I’d hope it would all be viewed differently today. Given the events of the past few years, given the Me Too movement, I really hope that had this happened now, people would have a lot more compassion for her. I can’t say that people would automatically believe her even now, because as we’ve seen, it’s still very difficult for survivors to be believed.
Mike Tyson has been quite vocal about his unhappiness with Hulu’s decision to air this fictionalized account without his consent.4 Did the fact that he wasn’t involved in any way impact your decision to be a part of it?
I wanted to be part of this project because more than telling Mike Tyson’s life story specifically, this is a real commentary on so many American stories. We’re talking about racial inequality, socioeconomic inequality, rape culture, the Me Too movement. This story was looking at all those things through the lens of this incredibly famous man.
4. Tyson recently lashed out at the streaming network, saying, “I don’t support their story about my life. It’s not 1822. It’s 2022. They stole my life story and didn’t pay me.”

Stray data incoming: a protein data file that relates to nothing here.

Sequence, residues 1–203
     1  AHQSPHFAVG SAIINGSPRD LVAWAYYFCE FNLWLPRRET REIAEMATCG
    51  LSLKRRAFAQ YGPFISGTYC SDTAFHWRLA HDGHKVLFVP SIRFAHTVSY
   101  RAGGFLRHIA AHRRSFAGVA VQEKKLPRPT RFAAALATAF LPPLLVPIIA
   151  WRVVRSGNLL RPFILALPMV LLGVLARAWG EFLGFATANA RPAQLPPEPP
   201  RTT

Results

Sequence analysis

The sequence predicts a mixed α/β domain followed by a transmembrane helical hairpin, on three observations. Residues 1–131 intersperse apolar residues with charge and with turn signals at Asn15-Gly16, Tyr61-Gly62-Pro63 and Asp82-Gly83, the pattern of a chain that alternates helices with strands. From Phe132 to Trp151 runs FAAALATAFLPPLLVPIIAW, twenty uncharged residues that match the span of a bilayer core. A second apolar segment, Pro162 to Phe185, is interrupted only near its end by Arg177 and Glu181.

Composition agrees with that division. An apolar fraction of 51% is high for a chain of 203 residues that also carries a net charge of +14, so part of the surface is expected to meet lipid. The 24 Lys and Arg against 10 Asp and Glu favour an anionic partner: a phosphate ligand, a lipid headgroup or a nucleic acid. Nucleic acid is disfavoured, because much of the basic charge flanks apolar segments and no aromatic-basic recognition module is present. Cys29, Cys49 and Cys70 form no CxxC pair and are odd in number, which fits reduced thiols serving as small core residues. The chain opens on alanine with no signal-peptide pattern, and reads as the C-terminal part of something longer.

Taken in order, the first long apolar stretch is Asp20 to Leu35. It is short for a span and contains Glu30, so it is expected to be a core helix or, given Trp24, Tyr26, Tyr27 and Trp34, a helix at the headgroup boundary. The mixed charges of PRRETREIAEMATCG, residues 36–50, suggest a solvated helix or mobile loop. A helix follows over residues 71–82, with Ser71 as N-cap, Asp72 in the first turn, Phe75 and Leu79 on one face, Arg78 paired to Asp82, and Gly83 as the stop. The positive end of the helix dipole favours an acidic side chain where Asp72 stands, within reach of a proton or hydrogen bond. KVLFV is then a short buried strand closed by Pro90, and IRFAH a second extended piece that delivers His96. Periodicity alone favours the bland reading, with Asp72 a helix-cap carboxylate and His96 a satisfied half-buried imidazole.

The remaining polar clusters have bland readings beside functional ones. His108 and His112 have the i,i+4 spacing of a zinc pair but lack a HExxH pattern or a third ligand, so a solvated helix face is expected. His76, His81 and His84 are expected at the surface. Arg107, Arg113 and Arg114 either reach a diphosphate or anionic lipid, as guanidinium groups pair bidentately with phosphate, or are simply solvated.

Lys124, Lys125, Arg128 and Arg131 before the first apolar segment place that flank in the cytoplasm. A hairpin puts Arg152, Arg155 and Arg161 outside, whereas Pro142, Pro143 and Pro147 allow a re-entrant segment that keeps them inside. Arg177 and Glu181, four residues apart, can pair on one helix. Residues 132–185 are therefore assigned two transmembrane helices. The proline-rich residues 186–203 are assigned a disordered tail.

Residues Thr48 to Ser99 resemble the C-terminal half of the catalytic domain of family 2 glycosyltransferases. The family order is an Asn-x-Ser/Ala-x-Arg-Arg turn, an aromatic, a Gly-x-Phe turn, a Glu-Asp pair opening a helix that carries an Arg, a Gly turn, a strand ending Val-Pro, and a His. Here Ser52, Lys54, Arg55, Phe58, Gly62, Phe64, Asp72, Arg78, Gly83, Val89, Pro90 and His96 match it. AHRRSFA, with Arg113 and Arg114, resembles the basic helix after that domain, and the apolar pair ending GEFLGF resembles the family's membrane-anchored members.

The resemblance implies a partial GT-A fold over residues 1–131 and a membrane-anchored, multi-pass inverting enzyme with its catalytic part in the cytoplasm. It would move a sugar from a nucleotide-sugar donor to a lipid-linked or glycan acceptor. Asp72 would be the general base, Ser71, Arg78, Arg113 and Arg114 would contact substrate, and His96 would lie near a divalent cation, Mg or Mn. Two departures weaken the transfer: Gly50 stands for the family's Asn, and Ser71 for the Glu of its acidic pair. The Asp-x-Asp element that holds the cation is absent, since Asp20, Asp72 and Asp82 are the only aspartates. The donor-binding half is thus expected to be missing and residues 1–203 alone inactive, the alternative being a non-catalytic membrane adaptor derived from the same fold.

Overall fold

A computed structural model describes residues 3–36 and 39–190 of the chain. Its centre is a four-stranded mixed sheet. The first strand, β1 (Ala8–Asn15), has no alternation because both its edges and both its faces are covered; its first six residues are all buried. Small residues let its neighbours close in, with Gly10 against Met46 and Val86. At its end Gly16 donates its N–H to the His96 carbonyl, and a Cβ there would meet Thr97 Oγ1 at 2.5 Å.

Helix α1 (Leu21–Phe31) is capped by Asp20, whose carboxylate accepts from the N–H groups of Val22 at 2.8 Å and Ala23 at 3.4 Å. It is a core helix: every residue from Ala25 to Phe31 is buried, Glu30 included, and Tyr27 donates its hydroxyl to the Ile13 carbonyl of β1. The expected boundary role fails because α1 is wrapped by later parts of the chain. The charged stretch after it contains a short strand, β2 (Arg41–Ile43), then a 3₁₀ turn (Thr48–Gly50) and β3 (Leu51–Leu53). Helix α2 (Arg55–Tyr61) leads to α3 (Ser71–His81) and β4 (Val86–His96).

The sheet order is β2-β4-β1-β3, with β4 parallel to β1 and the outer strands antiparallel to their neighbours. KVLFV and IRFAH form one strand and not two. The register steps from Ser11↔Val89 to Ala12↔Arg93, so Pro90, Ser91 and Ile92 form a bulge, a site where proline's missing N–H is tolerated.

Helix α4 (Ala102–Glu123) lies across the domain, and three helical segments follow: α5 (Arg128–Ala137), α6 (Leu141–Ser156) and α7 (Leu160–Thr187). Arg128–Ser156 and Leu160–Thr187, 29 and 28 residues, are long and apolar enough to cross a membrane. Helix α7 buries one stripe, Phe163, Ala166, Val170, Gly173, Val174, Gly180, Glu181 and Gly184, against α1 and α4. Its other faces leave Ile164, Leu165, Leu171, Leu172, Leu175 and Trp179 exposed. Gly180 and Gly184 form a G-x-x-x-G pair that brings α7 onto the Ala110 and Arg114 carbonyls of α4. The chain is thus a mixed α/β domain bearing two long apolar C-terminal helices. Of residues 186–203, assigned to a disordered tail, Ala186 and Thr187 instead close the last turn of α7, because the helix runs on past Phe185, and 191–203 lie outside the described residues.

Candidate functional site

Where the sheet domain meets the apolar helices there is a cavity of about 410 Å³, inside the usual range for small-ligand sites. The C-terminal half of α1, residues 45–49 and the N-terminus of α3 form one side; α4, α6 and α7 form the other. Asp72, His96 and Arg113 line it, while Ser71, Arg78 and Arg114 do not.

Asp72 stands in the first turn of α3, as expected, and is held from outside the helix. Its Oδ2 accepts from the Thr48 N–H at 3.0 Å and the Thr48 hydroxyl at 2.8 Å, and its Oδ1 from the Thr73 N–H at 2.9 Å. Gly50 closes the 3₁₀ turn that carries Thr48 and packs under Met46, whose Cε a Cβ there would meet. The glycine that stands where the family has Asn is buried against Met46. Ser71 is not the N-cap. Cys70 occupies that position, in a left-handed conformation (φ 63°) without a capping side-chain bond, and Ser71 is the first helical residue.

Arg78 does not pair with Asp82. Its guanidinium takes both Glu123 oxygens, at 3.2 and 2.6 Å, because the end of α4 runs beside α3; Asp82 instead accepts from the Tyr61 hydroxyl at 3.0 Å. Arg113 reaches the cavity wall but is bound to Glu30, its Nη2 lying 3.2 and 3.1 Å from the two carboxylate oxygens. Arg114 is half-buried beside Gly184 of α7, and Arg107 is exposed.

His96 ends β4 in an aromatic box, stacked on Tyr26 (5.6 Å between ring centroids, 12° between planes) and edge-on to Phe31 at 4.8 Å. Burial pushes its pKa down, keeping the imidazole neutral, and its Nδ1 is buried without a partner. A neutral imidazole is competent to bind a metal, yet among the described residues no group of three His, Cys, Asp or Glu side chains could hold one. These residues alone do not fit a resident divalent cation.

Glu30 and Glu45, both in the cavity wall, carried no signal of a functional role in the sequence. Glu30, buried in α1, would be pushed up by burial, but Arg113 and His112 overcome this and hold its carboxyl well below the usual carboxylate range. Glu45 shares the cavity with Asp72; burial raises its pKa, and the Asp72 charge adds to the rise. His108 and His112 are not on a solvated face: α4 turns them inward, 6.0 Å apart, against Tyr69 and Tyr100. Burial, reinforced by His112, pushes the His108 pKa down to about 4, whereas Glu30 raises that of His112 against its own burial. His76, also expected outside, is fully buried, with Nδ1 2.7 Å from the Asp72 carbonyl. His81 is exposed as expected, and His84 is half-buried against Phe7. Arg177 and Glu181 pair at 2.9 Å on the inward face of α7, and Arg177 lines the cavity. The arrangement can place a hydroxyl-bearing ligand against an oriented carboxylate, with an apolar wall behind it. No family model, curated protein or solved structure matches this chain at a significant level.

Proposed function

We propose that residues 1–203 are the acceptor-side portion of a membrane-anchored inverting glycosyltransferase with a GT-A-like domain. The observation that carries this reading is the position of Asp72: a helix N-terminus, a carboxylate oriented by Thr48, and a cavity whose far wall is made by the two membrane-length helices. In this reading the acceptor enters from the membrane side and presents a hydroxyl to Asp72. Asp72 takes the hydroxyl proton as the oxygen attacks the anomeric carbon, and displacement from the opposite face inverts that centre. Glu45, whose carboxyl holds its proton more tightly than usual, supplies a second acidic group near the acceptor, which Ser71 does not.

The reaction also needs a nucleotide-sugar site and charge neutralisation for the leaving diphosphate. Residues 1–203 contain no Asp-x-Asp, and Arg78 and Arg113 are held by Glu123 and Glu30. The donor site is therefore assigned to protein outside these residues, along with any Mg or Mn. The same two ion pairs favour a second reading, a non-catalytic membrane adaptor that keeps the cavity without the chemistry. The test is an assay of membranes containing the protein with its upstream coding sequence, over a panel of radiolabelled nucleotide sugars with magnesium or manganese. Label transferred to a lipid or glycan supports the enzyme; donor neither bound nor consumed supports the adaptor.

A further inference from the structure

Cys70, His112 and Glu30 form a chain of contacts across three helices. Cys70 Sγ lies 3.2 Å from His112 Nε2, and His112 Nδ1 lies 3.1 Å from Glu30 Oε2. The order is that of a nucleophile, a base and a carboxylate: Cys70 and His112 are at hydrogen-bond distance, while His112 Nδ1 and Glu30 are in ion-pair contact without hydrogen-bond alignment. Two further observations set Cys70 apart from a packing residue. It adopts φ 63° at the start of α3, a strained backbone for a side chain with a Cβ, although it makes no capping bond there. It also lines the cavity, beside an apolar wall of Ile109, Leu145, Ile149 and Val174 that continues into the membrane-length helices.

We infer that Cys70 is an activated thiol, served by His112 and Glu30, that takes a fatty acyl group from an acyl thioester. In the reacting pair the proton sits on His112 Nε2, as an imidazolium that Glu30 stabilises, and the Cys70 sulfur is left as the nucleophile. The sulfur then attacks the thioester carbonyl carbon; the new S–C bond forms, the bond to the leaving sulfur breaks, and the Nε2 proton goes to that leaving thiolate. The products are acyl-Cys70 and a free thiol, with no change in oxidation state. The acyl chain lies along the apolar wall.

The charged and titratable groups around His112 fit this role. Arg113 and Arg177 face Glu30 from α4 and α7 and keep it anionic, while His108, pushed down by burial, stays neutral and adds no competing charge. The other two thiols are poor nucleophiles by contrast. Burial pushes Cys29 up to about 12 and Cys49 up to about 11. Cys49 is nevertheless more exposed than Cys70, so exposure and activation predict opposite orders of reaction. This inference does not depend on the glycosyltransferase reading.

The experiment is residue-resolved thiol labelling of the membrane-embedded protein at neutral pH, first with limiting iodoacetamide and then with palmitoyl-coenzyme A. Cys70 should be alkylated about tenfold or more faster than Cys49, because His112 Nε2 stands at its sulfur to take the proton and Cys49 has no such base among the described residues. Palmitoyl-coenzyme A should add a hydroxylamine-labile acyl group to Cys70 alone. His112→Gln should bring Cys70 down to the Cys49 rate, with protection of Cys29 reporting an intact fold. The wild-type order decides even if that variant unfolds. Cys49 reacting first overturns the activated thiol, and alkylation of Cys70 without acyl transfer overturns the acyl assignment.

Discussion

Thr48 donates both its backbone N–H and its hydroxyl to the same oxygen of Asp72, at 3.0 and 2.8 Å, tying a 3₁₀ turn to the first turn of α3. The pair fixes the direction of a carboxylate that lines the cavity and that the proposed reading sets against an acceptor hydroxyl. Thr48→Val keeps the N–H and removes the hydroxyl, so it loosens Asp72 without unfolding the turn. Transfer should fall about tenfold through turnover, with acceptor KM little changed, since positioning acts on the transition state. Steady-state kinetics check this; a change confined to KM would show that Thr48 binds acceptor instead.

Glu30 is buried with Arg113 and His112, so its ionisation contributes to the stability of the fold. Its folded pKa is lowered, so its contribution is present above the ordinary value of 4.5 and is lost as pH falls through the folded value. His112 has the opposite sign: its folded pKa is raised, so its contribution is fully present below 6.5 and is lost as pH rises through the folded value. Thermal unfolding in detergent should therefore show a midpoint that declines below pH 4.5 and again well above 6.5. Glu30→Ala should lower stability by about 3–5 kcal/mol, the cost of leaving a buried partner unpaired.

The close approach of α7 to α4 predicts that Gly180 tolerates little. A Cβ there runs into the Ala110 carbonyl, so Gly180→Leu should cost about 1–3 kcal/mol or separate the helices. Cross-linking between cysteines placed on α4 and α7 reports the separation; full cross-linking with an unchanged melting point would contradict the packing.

On a brighter note, the ’80s ensembles are fabulous.
We were giving.
You were Givens and you were definitely giving.
Thank you! I loved the wardrobe. The ’80s were such a time of excess and extravagance. I had major Chanel suits with the miniskirts and the little pumps. It was full glam, full-on, all the time, which is so different from my personal aesthetic. I like to find characters through wardrobe and through hair and makeup. When I put on that wig and the full beat and the nails, it just came out of me.
I hear the vintage shopping in L.A. is spectacular.
It is. I have one place in L.A. that I love that I’m not going to share because I don’t want people to steal all my stuff. It’s tough out here. I got into an argument with a girl at that store recently because she tried to steal my dress.
How did you resolve that argument? Is she alive?
It was very silly. She put the dress away, then I took the dress. Then she said she changed her mind and she still wanted it. I said, “You can’t do that. That’s not how this works. You put it away. It’s my dress now.” She got very upset. It’s a great 2000 Roberto Cavalli. I wore it to a wedding the other day. So sorry, girl.
Stylist: Cassie Anderson. Hair: Stefan Bertin at The Wall Group using Color Wow. Makeup: Valeria Ferreira at The Wall Group using Dior. Manicure: Lucy Tucker for One Represents. Set design: Ranya El-Refaey. Production: Yasser Abubeker. Executive producer: Abbey Adkison. Senior producer: Liesl Lar. Director of photography: Janet Upadhye. Editors: Heather Weyrick and Janet Upadhye.